The Abbey of Royaumont is a charming, peaceful and beautiful thirteenth century building thirty kilometers north of Paris. Now it serves as a museum, a hotel and a cultural centre but during the first world war it was transformed into a hospital for wounded soldiers.
I came here to film a story about the women of world war 1 and whether their services and sacrifices helped or hindered them in the post war years. What makes the story of the hospital here particularly interesting is that it was staffed entirely by women.
At the start of the war the Scottish women’s hospital had offered their services to the British war office but had been turned down. Undaunted they made the same offer to the French who accepted. After taking over the Abbey they found it to be filthy, bitterly cold and short of every amenity. Through sheer hard work the women eventually got it up and running.
A sense of the difficulty they experienced can be gained from this description of conditions by Dr I. Hutton:
“It was bitterly cold. The patients who were not in a raging fever shivered and tried vainly to adjust their tattered uniforms to gain a little warmth. Their clothing crawled with maggots and bugs and their bodies with lice. Dying men lay huddled so closely together on the floor that they touched each other. Others sat up gasping and blue in the throes of pneumonia. Blood and pus oozed from the wounds. A few of the patients feebly extended their hands but most of them were too ill to care what happened. Seventy-odd soldiers, in the last stages of dysentery lay crouched along the walls, emaciated, dying. They crawled outside from time to time. There were no sanitary arrangements and the grass plot was foul.”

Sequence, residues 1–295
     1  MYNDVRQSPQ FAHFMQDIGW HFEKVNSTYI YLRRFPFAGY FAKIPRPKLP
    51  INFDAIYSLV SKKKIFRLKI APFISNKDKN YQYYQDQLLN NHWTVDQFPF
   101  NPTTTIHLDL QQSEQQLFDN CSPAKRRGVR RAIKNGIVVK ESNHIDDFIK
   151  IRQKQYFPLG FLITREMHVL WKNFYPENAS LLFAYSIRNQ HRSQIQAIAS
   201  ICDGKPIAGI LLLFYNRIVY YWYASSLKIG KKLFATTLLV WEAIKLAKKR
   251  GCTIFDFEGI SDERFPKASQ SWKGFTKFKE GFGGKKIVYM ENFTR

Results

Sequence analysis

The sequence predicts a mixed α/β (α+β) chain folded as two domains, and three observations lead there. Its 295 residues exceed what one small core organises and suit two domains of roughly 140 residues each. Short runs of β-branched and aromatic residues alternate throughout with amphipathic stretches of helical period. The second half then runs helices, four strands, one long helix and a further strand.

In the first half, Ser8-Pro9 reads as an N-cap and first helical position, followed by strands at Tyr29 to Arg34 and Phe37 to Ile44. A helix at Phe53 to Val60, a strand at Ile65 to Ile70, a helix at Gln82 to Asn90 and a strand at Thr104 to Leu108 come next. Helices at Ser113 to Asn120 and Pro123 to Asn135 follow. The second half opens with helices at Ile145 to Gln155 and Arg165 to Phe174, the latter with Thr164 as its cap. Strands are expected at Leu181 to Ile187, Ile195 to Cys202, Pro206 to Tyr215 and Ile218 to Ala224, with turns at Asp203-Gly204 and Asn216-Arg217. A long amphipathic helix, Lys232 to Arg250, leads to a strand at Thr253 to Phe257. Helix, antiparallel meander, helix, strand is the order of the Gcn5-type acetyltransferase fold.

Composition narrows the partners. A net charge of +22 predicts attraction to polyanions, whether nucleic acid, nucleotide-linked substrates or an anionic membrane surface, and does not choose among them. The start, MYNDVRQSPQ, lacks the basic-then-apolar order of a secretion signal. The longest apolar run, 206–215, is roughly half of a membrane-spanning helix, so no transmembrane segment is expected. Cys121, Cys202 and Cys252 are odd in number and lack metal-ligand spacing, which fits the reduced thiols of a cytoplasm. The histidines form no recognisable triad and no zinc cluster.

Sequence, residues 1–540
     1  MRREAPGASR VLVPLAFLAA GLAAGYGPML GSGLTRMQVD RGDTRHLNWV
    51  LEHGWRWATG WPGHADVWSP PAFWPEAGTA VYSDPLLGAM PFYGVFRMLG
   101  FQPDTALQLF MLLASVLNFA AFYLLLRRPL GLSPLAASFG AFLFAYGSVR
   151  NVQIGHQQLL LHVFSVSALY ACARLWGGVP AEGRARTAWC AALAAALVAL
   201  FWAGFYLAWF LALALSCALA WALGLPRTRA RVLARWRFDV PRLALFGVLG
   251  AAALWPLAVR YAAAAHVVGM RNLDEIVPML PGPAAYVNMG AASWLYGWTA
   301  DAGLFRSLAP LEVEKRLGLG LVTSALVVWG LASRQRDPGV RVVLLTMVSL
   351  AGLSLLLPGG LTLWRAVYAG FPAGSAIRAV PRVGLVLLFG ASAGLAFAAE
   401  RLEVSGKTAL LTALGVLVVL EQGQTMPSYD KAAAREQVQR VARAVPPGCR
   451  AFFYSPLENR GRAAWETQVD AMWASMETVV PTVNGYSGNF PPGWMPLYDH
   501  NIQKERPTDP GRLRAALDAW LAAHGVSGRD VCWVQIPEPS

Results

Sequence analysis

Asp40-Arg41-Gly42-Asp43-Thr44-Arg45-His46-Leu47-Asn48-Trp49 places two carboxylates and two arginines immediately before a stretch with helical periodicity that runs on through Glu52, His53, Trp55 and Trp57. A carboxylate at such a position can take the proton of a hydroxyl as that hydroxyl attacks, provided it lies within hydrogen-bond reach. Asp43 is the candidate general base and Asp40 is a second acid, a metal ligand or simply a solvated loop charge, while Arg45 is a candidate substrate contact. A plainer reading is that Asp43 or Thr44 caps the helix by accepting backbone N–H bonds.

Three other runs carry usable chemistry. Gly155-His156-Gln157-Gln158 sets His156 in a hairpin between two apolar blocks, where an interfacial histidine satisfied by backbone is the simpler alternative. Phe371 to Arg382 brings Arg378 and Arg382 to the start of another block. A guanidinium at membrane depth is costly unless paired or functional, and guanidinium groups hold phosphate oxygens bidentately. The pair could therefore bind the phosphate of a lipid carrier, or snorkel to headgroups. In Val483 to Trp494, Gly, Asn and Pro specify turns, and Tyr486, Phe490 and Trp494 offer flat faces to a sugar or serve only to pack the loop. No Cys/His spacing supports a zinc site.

Travelling with the team and I to the abbey was the great great niece of Frances Ivens, one of the surgeons. Evelyn Benson, herself a nurse, said of her relative: “She wanted to use her skills to help the war effort as well as using her personality and that force to push women to the front and show that they had an important role to play.”
After filming at the abbey we visited Etaples military cemetery. It is a vast place that contains 10,771 Commonwealth burials of the First World War, the earliest dating from May 1915. 35 of these burials are unidentified. There are also a number of women. Like Betty Stevenson – Betty was killed by an air raid and was given a military funeral she was also posthumously awarded the Croix de Guerre avec Palme by General Petain, for courage and devotion to duty. The personal inscription on her headstone reads simply, ‘The Happy Warrior’.
This trip was eye opening for me. I had been vaguely aware that some women had served as nurses in the first world war but I had underestimated the tough conditions they experienced and the sacrifices that they had made. I hope our film helps to tell their tales and bring to life the story of women on the western front.
Follow this link to watch our film on the BBC website http://www.bbc.co.uk/news/uk-28321729